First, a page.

Wiki-MLM: a large-scale dataset with Multiple Languages and Modalities

This is the second of a series of blog posts discussing different aspects of the CLEOPATRA Research and Development week, which was held online at the end of March. The project ESRs organized themselves into groups to develop demonstrators, and this is the report from Team GOAL (Jason Armitage, Endri Kacupaj, Golsa Tahmasebzadeh and Swati Suman)

We’re a team of four researchers from different universities. We started working on WiKi-MLM in December. Generating a publicly available, large-scale dataset to handle multiple modalities and languages is one of our core objectives. At the end of March, we had our first Hackathon Week for the Cleopatra project where we presented a pilot version of our demonstrator. We could say that it was a success!

Our Demonstrator revolves around WiKi-MLM so, let’s check out what it’s all about.

What is WiKi-MLM?

WiKi-MLM is a Wikidata-generated dataset that is intended to train multitask systems.  This system is anticipated to outperform single-task alternatives when simultaneously trained on task sequences. In our case, it is a system that performs both information retrieval and location estimation.

The dataset is composed of text, images, location data, and knowledge graph triples. We’re planning to release our dataset in two versions.

  • The first version (MLM-v1) will contain texts with ~236k entities in three languages (English, German, and French)
  • The second version (MLM-v2) will contain text with ~254k entities in ten different languages (English, German, French, Italian, Spanish, Polish, Romanian, Dutch, Hungarian, Portuguese).

Now, let’s find out why this idea for the demonstrator is worth pursuing.

Why WiKi-MLM? 

Systems trained on large datasets are believed to display rudimentary forms of the human ability to generalize. However, today’s systems struggle to deal with the diversity in real-world data and the ability to extend learning to new tasks.

WiKi-MLM is a large-scale resource composed of different modalities and languages. It will offer the opportunity to train and evaluate multitasking systems. Such systems aim to reduce the application process complexity and boost generalization. At the same time, related applications will also benefit from machine learning models able to perform a number of independent tasks.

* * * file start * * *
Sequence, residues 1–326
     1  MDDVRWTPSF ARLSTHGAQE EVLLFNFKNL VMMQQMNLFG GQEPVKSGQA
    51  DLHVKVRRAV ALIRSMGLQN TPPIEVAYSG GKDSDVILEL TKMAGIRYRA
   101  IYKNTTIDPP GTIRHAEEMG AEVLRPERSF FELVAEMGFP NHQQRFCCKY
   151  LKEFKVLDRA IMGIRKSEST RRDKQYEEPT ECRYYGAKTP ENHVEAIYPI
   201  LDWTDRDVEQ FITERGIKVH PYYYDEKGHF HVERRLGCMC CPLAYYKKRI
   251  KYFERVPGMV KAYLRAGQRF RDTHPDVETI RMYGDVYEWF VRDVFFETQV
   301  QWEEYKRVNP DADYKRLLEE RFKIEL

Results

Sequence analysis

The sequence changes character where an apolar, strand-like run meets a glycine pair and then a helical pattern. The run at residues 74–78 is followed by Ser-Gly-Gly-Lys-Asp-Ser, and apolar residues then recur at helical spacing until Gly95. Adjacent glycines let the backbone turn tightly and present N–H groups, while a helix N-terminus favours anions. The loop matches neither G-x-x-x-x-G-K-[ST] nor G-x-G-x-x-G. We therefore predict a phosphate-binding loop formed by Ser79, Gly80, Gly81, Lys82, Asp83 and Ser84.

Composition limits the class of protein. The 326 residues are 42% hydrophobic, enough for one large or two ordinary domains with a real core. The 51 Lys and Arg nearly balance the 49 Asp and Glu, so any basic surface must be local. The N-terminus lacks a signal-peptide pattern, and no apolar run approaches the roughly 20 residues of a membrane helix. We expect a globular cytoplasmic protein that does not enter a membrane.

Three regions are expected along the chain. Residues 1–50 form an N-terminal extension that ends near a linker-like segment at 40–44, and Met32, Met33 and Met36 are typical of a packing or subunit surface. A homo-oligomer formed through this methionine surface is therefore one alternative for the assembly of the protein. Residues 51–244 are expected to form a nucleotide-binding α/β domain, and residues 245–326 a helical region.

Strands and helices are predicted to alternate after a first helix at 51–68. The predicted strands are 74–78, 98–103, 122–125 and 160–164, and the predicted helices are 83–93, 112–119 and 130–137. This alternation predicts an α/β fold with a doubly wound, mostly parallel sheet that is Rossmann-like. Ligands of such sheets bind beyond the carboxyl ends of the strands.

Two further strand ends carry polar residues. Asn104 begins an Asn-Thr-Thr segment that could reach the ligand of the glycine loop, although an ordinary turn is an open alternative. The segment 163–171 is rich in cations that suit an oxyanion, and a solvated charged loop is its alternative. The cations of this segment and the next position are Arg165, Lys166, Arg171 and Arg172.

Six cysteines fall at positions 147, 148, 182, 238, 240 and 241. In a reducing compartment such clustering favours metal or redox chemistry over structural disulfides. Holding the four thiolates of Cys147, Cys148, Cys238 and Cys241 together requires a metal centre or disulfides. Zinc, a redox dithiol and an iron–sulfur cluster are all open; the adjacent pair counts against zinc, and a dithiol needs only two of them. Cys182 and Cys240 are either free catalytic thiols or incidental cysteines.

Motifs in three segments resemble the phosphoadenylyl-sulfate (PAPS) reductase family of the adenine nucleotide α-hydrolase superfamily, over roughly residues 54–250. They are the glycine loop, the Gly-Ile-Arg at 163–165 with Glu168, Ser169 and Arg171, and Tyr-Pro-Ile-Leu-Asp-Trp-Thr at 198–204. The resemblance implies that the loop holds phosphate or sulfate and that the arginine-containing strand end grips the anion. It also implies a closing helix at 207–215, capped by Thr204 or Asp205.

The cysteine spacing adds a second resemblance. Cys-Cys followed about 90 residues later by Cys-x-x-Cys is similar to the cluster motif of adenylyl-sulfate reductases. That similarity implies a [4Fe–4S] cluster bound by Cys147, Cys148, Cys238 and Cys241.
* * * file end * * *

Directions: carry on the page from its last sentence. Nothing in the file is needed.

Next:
What did we do in the Hackathon?

Our final aim for the week was to create a live demo visualizing the results of the geo-location estimate of our models on maps. It was important because with just the raw latitude and longitude values it is hard to tell the quality of the output. For inference, we subdivided the surface of the earth into a number of geographic cells and trained a deep neural network with geo-tagged inputs that could be either text or image.

Visualizing results on Google Maps

Now, let’s see how our demo helps to visualize the output of the model’s location prediction.

What are our goals for the next demonstrator?

We are planning to build a multitask system capable of handling multi-objective tasks. We are intending to include some or all of the following tasks using the rich data provided by WiKi-MLM:

  • Given a news article,
    • predict locations that conceptually resemble the news story. For this task, we aim to pinpoint the locations on the map with the highest conceptual similarity based on common KG entities in news reports.
  • Given a location-based image and/or text, identify semantically similar
    • locations and then link to a relevant news source to collect trending articles at that location;
    • locations and places similar to that. Text and/or images will also be displayed based on user preference.
  • Given a coordinate, identify
    • semantically similar locations;
    • textual description of the location;
    • image(s) that best describes the locations;
    • relevant news sources to collect trending articles at that location.

How do we collaborate as a team?

To keep track of our iterative progress towards well-defined goals, we conduct bi-weekly Scrum meetings and document our work. There we organize our ideas efficiently into sprint goals and we distribute the work among us. We even exchange our thoughts, challenges, and other information between the meetings.

Jason Armitage, Endri Kacupaj, Golsa Tahmasebzadeh and Swati Suman

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